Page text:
What are these conditions and what causes them?

Sinonasal disorders are the greatest cause of olfactory loss.  This area encompasses a wide range of conditions that can potentially be treated with the right medical or surgical management.

Chronic Rhinosinusitis (CRS), with or without polyps, is responsible for around 60% of cases of olfactory loss. One European study has shown that 11% of the population suffer from this.¹ The lining of the sinuses become swollen and may prevent mucus from draining, causing it to back up and get infected or in some cases the swelling bulges to form polyps that fill up the nose and sinuses, making smelling very difficult, if not impossible. As the name suggests, these problems can continue for weeks, months; even years. Other symptoms other than smell loss include nasal blockage, running of the nose (front and/or back) and facial pressure.

Nasal polyps are grape-like swellings of the nasal lining.  They can grow quite large, or in clusters, and can cause breathing difficulties, sinus pain and other issues in addition to a loss of smell.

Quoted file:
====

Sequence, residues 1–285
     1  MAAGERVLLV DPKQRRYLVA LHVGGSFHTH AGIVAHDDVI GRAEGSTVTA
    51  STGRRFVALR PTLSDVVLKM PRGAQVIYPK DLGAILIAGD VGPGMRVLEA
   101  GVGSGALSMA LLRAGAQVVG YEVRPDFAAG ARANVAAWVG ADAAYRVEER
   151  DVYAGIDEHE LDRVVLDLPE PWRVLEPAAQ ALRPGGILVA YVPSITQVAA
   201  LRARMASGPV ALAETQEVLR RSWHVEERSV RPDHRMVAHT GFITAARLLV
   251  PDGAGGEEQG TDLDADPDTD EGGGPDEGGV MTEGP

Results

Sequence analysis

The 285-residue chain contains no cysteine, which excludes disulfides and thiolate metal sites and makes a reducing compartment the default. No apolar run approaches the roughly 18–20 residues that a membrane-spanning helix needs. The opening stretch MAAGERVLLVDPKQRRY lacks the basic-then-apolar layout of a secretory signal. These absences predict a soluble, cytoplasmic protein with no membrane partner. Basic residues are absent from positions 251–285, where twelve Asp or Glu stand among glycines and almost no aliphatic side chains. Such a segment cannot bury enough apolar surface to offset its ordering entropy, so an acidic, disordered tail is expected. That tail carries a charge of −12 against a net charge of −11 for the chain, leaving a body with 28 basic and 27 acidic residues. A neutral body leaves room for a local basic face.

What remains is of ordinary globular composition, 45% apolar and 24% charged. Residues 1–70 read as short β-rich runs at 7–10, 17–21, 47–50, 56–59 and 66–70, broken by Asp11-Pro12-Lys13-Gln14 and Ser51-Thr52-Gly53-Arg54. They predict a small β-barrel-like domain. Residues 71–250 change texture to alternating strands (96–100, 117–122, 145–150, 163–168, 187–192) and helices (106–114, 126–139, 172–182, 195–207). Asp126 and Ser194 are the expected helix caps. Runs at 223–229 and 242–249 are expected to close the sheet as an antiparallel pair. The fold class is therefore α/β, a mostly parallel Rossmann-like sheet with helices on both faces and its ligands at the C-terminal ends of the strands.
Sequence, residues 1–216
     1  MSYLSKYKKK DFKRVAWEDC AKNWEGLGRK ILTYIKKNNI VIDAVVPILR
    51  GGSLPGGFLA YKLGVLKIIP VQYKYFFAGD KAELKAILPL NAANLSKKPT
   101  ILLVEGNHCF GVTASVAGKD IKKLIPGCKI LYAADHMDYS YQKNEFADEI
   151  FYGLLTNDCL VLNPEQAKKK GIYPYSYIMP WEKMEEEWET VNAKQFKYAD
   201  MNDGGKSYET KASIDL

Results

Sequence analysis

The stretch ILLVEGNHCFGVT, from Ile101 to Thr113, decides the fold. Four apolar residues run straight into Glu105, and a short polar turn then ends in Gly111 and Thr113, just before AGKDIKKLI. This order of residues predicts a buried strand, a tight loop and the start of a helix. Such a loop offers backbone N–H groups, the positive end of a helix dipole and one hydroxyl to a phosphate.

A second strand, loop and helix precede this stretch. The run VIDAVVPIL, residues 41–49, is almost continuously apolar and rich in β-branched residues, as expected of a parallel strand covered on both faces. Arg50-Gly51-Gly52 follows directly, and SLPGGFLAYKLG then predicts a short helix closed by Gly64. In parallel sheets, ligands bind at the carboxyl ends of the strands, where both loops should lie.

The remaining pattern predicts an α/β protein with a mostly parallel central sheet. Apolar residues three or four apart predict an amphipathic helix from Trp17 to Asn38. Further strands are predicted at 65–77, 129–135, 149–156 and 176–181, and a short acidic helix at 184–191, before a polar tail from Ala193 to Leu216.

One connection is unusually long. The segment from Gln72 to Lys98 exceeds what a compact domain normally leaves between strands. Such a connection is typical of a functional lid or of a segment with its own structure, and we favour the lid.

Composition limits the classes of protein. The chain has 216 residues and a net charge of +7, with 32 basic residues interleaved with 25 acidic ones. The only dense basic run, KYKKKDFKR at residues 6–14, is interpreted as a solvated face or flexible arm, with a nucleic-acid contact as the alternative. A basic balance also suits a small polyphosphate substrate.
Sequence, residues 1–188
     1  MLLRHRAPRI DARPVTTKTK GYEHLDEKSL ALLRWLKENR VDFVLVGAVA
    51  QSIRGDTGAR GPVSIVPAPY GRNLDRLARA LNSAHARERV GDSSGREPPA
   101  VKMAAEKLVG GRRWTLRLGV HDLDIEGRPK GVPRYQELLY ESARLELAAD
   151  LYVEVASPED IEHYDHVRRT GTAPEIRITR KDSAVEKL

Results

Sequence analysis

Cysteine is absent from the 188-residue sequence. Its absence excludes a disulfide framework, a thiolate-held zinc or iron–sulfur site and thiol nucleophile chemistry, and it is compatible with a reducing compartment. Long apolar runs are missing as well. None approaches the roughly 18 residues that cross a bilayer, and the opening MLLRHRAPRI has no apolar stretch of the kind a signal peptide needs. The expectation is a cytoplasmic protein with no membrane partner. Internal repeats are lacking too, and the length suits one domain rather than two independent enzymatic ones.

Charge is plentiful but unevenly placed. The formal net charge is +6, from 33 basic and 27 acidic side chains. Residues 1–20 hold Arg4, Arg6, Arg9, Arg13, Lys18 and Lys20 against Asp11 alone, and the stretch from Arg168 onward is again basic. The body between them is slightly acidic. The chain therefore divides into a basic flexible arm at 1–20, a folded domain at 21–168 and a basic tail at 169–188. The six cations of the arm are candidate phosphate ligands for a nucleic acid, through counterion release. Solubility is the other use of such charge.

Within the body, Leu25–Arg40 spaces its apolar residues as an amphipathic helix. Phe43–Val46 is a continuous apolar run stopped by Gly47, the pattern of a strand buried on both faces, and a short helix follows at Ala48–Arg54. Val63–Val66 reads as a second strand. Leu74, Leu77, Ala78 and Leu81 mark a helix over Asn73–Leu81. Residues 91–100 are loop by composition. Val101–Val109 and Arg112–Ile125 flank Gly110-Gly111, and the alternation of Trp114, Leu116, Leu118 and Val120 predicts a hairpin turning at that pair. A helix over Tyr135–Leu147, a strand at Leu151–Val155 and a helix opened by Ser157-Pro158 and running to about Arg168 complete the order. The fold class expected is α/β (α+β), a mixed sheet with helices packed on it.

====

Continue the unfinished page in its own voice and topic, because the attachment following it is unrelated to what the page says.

Allergies to inhaled particles also cause swelling in the nose (allergic rhinitis).  This occurs when the immune system overreacts to allergens in the air such as pollen, animal hair or dust.  The exact relationship of allergy with CRS is unclear, but at least 25% of patients with CRS will have positive results on allergy tests. In allergic rhinitis, the swelling typically occurs in the tissue overlying the nasal turbinates (see ‘Structural Problems’ below).

Olfactory Cleft Disease describes problems – usually malformations or inflammation – linked to anatomical deformities of the olfactory cleft.  This is the cavity right at the top of each nostril in which the olfactory epithelium is situated.

Toxic Rhinitis is, as you might expect, swelling and inflammation related to airbourne toxins such as chemicals, solvents, cigarette smoke.


Structural problems

There are a number of different structural disorders of the nose.  These can be present from birth or happen later in life, perhaps as the result of an injury.